GreenBlu's magnesium has only two inputs, seawater and electricity. If the electricity is decarbonized, so is the magnesium. GreenBlu's process also uses many more low temperature processes that can be powered using heat pumps or recycled heat, amplifying the amount of energy supplied by electricity.
Lightweighting is a universal way to reduce carbon emissions in transportation. In combustion vehicles, it reduces fuel consumption. In battery electric vehicles, it reduces the amount of energy needed from the batteries, which also allows more vehicles to be made from the same supply of batteries.
A total of 95 tons of avoided CO2 emissions per ton of magnesium is possible. 28 tons are from the magnesium production, and 67 tons when the magnesium replaces steel in a vehicle over the life of the vehicle.
Transportation is the largest single sector for emissions, responsible for over 7 gigatons of CO2 emissions in 2021. It is also widely considered to be the most difficult to decarbonize. Much more than 1 gigaton a year of saving are possible with magnesium lightweighting, both through direct fuel use reduction and allowing more EVs to be build with fewer batteries.
Recent advances have produced magnesium alloys “approaching stainless” for corrosion resistance and improved fire resistance. Sheet metal production and forming and extrusion advances are all expanding use in mobility. R&D in magnesium has greatly accelerated. A 2021 review paper by Czerwinski indicates that over the last decade, more than 21,000 articles have been published on Mg alloys comprising 20% of all alloy research.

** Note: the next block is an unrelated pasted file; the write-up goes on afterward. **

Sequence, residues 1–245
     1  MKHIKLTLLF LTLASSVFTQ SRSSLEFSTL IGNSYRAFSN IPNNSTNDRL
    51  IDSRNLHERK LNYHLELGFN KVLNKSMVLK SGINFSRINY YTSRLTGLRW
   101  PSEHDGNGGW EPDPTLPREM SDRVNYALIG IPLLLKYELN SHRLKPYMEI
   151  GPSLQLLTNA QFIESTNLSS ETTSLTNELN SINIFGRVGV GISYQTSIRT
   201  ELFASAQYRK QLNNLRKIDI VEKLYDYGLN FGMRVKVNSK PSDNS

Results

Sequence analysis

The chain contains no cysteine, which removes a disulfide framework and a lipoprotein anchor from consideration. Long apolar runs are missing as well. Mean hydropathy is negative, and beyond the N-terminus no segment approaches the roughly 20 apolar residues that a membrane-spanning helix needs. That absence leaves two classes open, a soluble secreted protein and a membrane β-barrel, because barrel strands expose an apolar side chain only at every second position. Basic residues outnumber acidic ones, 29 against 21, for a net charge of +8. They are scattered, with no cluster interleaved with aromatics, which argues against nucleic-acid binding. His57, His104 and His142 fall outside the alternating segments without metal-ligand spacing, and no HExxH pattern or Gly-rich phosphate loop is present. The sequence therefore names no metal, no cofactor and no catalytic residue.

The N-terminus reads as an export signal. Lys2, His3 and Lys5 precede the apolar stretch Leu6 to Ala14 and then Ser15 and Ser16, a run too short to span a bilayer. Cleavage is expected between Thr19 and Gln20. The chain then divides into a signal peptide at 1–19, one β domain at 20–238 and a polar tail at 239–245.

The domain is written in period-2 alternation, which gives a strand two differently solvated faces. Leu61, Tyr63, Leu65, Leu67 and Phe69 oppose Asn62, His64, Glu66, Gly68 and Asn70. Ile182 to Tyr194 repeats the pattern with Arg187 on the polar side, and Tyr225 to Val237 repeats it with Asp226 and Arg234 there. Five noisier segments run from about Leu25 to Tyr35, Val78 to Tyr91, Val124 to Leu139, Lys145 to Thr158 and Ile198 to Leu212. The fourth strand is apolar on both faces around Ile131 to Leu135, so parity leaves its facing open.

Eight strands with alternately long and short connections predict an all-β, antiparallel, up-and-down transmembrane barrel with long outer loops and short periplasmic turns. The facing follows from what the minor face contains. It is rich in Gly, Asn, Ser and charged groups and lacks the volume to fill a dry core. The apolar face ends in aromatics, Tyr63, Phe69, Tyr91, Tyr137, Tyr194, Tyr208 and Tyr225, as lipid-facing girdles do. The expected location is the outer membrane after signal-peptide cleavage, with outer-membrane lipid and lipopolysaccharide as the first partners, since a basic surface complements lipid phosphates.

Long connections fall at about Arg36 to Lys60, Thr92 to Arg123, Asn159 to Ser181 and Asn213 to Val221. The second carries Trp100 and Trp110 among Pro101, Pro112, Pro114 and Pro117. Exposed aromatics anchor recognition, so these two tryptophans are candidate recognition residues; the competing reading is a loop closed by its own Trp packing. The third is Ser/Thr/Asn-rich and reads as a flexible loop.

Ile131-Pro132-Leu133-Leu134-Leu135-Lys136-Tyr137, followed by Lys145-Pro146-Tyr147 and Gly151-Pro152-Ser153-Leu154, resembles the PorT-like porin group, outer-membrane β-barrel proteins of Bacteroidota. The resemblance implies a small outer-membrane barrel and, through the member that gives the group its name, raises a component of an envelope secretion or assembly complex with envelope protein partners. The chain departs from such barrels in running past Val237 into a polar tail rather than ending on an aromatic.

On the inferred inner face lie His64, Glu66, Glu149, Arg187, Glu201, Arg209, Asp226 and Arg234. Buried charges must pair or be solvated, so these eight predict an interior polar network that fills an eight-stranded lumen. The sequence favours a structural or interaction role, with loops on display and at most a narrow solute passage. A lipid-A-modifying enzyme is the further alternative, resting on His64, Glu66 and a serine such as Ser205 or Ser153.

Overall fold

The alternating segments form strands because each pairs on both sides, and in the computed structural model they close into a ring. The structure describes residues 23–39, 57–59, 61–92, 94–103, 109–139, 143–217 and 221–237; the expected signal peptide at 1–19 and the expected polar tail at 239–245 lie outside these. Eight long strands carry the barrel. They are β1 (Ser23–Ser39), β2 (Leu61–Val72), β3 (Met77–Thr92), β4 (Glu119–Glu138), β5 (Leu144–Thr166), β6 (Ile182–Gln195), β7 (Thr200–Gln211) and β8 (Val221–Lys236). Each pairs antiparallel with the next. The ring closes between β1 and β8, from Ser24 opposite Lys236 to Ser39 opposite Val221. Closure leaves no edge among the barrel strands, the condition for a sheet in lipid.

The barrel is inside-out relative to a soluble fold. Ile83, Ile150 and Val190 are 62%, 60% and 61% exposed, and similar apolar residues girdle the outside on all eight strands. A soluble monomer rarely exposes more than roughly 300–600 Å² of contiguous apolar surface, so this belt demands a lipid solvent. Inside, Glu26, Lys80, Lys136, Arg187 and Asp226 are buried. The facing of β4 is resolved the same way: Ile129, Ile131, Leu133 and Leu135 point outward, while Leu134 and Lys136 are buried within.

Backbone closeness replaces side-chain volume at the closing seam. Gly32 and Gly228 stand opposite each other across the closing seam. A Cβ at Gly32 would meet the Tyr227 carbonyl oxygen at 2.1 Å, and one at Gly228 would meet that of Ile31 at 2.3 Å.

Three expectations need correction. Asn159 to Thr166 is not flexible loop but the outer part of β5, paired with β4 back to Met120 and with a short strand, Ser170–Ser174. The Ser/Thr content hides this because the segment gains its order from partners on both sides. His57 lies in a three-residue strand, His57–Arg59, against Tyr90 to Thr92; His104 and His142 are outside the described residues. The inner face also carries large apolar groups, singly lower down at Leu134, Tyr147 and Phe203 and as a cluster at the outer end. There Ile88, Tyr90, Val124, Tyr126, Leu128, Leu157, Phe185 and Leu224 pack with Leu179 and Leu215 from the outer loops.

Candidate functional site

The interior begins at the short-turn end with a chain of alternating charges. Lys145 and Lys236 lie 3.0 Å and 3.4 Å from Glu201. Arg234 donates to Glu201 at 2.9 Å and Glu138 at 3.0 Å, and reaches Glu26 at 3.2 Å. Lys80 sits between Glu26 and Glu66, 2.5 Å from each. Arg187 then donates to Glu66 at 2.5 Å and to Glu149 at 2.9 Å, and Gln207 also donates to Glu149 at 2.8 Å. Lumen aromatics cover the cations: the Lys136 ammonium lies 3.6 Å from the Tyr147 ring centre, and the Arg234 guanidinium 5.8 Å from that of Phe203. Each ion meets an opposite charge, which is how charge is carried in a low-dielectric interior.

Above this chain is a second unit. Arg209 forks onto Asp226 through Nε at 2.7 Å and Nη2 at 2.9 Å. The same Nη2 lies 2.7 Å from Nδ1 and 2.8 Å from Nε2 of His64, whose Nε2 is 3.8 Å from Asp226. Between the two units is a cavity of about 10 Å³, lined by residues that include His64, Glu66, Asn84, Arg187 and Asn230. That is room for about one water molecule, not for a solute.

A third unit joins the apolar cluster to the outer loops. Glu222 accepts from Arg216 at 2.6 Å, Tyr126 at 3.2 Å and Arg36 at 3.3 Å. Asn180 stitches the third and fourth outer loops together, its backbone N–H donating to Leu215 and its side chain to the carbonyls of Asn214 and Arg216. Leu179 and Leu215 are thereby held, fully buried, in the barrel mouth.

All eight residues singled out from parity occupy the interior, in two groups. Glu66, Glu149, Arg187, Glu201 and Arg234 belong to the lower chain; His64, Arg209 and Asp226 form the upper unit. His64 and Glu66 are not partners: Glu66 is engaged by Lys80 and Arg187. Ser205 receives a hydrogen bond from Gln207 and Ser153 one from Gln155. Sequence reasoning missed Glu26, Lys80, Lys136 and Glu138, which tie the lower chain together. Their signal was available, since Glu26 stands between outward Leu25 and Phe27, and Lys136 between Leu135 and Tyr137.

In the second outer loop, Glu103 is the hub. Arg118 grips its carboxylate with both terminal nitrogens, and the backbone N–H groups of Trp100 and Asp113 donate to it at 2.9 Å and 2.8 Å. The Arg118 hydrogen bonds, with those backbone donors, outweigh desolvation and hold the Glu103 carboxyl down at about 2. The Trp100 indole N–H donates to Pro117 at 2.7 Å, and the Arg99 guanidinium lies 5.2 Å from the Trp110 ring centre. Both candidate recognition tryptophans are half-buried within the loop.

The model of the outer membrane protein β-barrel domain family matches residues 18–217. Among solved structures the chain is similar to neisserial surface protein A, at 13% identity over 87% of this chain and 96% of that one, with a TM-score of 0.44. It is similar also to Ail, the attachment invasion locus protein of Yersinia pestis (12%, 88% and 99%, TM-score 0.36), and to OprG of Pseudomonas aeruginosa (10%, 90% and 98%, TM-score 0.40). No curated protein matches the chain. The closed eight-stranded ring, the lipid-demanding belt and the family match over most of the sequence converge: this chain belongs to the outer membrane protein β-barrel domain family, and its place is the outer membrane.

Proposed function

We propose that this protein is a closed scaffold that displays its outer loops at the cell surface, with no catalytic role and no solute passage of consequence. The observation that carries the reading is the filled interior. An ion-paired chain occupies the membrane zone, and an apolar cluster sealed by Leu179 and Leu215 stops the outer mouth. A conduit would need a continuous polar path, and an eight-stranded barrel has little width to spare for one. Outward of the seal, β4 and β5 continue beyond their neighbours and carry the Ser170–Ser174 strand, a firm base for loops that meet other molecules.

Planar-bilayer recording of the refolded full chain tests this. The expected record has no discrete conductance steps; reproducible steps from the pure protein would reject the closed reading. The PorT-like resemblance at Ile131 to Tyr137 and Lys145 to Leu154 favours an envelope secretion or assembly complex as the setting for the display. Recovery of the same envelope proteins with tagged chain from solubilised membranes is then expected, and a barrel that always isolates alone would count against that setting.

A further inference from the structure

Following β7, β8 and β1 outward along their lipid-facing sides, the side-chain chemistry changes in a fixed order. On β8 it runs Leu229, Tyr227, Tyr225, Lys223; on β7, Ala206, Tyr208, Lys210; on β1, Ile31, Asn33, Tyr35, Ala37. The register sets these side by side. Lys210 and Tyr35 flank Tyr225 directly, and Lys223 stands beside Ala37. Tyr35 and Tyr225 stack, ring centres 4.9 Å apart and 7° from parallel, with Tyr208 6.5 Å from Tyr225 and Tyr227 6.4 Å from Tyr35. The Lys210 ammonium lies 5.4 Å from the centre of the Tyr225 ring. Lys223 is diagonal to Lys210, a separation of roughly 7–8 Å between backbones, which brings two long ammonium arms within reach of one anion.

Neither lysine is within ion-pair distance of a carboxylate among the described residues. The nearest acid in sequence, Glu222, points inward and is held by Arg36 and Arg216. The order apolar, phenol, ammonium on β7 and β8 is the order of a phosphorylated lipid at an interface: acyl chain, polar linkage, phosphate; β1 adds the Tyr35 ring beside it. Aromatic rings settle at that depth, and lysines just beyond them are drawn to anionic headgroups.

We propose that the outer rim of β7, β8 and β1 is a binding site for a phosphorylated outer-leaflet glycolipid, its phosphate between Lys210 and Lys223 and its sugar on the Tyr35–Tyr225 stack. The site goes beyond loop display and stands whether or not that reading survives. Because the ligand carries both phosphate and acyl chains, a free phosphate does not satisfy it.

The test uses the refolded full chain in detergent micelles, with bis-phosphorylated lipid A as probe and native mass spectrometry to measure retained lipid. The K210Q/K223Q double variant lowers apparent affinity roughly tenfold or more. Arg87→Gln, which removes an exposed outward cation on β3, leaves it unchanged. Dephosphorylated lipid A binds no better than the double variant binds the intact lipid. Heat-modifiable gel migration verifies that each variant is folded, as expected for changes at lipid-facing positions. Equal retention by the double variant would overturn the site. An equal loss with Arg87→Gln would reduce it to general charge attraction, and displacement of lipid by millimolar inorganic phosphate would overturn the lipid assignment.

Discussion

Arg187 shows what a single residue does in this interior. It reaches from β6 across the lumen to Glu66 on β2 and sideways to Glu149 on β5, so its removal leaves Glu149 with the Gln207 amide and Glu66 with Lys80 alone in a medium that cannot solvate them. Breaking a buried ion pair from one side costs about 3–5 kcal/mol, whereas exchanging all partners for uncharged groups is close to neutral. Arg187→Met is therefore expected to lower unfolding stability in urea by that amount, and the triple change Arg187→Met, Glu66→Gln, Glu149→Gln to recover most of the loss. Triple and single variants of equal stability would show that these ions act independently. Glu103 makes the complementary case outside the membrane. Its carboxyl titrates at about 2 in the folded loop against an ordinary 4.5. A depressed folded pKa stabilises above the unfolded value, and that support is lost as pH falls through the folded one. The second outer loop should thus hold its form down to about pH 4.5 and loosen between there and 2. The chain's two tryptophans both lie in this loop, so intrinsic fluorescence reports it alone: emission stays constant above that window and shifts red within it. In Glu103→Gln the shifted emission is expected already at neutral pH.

Hydrogen storage is the other “killer app” for magnesium. From the "Magnesium group" of international experts contributing to IEA's “Hydrogen Based Energy Storage”, Yartys reports that “magnesium hydride owns the largest share of publications on solid materials for hydrogen storage”. The Fraunhofer Institute (IFAM) recently demonstrated PowerPaste, a MgH2 paste that releases 10% by mass of H2 under ambient conditions simply by mixing with water. Energy density is 10x that of lithium batteries. Spent Mg(OH)2 can be remanufactured back into PowerPaste using the same electrolysis as magnesium production. A high hydrogen fractional mass, easy-to-transport (e.g. in existing oil tankers), easy-to-store, easy-to-use and safe form of hydrogen storage would be one crucial enabling technology needed for green hydrogen adoption.